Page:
Photo Credit: An artists’ rendering of a Beaver (Castor canadensis). Photo courtesy of McGill University Library, Unsplash Creative Commons.

What if I told you there was a force so big it affected millions of acres for thousands of years across North America? Something that altered the landscape on a grand scale, creating a cascade of habitat and biodiversity values. Something that sometimes killed trees, but from that death, gave life to a multitude of plants, creatures and habitats. Something that for millennia shaped North American landscapes, only to be removed in recent centuries by newcomers—people who didn’t understand the very agents by which their beloved “nature” was shaped and maintained. People who didn’t understand that their future in this place was inextricably tied to the natural processes and cultures through which the places were created. People who couldn’t accept the discomfort of not being in control—of not knowing what might happen next. People who clearly couldn’t coexist with beavers.

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I love coincidences. I’m one of those people who looks for connections in all things. (Ask me who shares your birthday—I’ll probably know someone, and though you may not know them, it’ll still feel like a fun coincidence to me. I share birthdays with Dolly Parton and Janis Joplin, just FYI.)

Anyway, one day on my way to work, I randomly thought of some of my dearest family friends, Winke and Terry, who I hadn’t talked to in a couple of years. I wondered how they were doing and was thinking that I should write them a card. When I arrived at work ten minutes later, my phone rang, and who was it? You guessed it: Winke—that very friend who had just come to mind. She had just finished reading a book and wanted to send it to me. It was a book about beavers by a guy named Ben Goldfarb. We briefly caught up, I gave her my address, and that was it. The next day I got a call from someone who was organizing a national conference and invited me to give my first-ever plenary presentation. She told me that the other plenary speaker was quite different from me: an expert on beavers named Ben Goldfarb. Now I was intrigued!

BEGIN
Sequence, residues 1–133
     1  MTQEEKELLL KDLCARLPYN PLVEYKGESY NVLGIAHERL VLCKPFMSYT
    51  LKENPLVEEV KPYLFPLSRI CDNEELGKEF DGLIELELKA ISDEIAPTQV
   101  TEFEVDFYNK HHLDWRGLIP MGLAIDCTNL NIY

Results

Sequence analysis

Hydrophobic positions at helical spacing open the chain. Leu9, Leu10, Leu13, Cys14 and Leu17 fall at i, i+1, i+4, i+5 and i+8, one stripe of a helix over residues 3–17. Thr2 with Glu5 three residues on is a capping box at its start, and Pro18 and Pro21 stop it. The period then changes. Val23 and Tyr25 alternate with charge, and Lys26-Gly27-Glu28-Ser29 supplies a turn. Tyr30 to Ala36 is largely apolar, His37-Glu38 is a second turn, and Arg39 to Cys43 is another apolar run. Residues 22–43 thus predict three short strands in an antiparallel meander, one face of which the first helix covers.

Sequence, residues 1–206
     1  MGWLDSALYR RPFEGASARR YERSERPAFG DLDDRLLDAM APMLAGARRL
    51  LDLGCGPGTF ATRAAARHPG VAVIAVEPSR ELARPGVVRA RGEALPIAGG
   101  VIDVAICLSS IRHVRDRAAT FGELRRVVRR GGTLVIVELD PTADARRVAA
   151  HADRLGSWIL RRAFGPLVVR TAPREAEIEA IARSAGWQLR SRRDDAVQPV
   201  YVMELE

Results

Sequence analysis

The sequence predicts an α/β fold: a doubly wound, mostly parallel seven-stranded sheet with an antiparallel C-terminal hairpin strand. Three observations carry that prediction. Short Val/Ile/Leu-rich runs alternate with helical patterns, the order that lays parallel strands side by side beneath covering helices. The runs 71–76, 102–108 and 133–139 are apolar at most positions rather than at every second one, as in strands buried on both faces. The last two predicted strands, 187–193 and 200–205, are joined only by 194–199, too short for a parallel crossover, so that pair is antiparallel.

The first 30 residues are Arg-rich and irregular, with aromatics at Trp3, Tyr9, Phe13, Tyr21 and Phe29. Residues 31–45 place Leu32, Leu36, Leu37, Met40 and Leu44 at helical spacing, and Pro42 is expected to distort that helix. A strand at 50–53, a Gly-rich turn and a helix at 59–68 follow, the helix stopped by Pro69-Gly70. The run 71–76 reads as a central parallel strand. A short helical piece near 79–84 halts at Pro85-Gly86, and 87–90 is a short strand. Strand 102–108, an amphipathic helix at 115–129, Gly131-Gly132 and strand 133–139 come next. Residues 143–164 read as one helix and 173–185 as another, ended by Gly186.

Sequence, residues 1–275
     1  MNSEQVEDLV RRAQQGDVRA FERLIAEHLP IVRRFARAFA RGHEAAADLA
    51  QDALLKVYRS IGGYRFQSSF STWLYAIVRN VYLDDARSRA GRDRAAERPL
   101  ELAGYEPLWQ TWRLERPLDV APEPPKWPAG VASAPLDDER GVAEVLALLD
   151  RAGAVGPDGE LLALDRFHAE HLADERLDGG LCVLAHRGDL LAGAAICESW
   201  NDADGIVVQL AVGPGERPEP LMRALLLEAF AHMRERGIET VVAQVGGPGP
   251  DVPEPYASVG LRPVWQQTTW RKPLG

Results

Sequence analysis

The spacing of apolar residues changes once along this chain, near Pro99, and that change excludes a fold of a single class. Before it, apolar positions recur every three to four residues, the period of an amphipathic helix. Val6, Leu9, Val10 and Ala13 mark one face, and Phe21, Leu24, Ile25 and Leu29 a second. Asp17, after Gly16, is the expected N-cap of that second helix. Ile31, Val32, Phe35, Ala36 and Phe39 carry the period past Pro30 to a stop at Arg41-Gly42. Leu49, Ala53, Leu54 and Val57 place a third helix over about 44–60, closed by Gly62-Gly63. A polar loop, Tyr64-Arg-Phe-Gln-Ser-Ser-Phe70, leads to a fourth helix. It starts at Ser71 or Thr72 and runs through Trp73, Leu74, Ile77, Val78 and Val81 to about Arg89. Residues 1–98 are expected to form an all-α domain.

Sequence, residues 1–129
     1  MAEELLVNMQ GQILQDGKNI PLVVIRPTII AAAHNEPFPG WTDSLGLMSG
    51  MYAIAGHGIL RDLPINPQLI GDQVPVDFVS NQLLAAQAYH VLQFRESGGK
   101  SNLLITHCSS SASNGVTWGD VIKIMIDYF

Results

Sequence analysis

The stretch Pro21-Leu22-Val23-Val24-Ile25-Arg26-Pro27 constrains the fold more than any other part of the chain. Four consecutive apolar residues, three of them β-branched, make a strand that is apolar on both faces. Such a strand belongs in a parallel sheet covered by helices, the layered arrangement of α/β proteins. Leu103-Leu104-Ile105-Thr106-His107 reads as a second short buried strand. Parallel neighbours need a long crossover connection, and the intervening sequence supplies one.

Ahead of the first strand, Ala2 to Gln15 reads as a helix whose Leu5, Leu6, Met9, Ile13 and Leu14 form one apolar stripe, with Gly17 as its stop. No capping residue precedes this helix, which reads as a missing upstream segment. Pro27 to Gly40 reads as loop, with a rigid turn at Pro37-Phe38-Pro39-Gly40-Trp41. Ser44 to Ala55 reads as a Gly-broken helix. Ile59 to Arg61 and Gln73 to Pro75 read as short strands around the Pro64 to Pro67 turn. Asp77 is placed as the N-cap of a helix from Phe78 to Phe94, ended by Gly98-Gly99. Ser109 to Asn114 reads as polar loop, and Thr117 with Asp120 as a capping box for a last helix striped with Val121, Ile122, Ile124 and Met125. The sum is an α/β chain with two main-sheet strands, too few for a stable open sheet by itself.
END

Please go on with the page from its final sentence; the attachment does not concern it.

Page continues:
Here it is many months later, and I’m finally reading Goldfarb’s book, “Eager: The Surprising, Secret Life of Beavers and Why They Matter”. And it’s now really becoming clear why Winke sent it my way. I had never quite made the connection between beavers and fire: arguably two of the most powerful, transformative things to ever touch down in North America—aside from humans, of course.

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How’s this for a coincidence? On page 9 of the book, in the introduction, Goldfarb talks about Will Harling: my good friend and the subject of my last blog (whose birthday was the day I started writing this blog!). Will, who works on a wide range of fire- and fisheries-related projects in the Klamath River watershed, told Goldfarb that some California watersheds host just one one-thousandth of the beavers that existed before the trapping era. And of course this isn’t unique to California: beavers have been removed on a massive scale across the continent for centuries. And like fire exclusion, the removal of beavers has had unthinkable effects. As Goldfarb cites in the book, scientists estimate that there were somewhere between 15 and 250 million beaver ponds across North America before European settlement. Even a mid-range estimate, assuming ~150 million ponds at one acre each, would mean beavers historically flooded at least 234,000 square miles of North America—an area bigger than Nevada and Arizona combined.